###### 6/23/12

### Reading

Rod Girle [2000] *Modal Logics and Philosophy* Chapter 3

S4 has the rules

{Non-modal propositional rules + Modal Negation + ◊R + □R+ □T+□□R}

These are described in Review of S4 Rules.

The extra rule (over T) is the ** Rule □□R **and what it allows you to do it this. Without it (but with the other rules) you could reason from

□F (n)

Access(nw)

to

F (w)

But ** Rule □□R ** allows you to reason from

□F (n)

Access(nw)

to

□F (w)

The first piece of reasoning allows you to go from the fact that a formula is necessarily true and you have access to a different world, to the conclusion that the formula holds in the different world. The second piece of reasoning allows you to go from the fact that a formula is necessarily true and you have access to a different world, to the conclusion that the formula is also *necessarily true* in the different world.

There is another way of looking at S4 (what Girle calls the 'orthodox' way), and that is to stick with the rules of K but to add Reflexive and Transitive Access, that is any world can access itself ie Access(m,m) is available for all worlds m. And if Access(m,n) and Access(n,o) then Access(m,o) (for any worlds, m,n,o)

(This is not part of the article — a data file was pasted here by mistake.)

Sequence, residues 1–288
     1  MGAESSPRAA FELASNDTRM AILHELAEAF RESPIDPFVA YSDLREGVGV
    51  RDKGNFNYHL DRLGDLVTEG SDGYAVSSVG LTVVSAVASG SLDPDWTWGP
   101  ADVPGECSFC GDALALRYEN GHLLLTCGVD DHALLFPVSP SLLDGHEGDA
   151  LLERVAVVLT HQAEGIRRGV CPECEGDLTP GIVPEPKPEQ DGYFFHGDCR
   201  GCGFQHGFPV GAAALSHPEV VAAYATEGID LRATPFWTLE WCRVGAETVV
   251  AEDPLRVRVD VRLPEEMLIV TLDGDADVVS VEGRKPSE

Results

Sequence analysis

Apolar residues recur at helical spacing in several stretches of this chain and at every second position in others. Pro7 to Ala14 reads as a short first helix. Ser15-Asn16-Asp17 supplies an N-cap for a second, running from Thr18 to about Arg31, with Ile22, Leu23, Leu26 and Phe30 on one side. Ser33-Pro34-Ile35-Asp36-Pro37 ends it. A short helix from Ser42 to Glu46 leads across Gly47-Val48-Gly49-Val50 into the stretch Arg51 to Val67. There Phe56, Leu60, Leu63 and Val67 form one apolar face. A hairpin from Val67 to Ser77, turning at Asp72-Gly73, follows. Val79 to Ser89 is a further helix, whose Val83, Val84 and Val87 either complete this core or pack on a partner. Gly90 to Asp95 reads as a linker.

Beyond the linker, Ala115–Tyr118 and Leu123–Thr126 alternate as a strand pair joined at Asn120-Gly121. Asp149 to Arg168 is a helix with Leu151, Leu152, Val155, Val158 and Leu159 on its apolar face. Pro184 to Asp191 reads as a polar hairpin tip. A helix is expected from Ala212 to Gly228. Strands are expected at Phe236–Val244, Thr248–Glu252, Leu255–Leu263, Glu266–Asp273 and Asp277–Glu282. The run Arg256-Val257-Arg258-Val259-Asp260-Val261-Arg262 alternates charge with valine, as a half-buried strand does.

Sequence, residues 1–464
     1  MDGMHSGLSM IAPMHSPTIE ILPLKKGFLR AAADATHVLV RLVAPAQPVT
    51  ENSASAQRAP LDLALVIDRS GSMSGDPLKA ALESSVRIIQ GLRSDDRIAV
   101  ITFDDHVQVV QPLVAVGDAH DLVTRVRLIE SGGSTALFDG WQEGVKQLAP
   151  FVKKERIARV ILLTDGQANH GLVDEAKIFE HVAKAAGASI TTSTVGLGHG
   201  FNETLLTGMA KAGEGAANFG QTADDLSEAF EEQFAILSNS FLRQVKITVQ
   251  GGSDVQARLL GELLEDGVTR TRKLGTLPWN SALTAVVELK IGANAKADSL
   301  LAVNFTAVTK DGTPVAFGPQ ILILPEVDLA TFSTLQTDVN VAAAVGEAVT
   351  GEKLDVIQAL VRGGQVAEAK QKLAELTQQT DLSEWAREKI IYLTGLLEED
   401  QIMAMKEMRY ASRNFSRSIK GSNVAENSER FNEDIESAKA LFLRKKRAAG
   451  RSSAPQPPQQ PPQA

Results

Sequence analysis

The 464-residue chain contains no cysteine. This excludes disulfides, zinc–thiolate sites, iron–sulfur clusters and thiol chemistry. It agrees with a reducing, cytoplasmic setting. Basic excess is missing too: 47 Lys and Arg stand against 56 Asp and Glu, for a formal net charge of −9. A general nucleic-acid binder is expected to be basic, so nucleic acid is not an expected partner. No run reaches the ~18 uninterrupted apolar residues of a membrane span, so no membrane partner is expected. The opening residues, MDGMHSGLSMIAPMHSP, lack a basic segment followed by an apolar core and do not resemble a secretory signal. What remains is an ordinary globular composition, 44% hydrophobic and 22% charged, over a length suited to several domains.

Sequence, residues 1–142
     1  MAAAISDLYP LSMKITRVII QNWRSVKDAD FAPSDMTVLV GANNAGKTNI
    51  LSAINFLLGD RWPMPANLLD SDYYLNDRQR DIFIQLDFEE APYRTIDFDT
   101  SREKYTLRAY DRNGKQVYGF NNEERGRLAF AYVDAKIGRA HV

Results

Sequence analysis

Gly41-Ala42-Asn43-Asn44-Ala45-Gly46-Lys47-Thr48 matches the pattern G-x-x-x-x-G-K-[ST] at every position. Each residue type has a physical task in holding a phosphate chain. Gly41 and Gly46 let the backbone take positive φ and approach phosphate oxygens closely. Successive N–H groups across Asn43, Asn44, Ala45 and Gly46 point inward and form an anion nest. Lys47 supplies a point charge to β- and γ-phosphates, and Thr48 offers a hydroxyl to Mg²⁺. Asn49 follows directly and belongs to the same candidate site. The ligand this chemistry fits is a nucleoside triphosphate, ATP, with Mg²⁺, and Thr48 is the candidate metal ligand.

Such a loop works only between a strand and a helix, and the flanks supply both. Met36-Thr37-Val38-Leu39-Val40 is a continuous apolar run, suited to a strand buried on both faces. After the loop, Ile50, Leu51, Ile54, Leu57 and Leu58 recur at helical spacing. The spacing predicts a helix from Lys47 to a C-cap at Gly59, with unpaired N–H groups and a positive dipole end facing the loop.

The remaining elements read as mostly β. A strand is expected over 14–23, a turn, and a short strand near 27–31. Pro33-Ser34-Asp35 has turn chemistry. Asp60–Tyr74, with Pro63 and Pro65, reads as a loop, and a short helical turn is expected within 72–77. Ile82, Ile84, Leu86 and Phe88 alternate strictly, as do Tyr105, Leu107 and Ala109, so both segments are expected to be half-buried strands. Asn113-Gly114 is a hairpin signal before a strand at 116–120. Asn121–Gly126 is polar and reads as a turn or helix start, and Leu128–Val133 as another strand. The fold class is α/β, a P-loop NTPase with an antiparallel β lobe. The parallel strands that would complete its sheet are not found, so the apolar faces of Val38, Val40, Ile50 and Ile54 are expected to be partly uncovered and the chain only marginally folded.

You can any proofs 'in S4' this way. Start the proof. switch the rule set to K (yes, K). But you can also use the reflexive rule off the Access menn (just select a formula, in the branch, with the world, say m, whose self-access you want and the rule will add Access(mm) and then you can use □R if you need to). And you can also use the transitive rule off the Access menu (just select two access formulas, in the branch, of the form Access(m,n) and Access(n,o) and the menu rule will add Access(m,o)).

#### Roll your own trees with S4

Girle's Chapter 3 has a number of exercises. You can do them here (be sure to use the following logical symbols)

∼ & ∨ ⊃ ≡ ∀ ∃ ∴ □ ◊

[Switch the Rule Set to S4, and do not use any of the Access Rules. Or Switch the Rule Set to K, and use either of the Reflexive or Transitive Access Rules].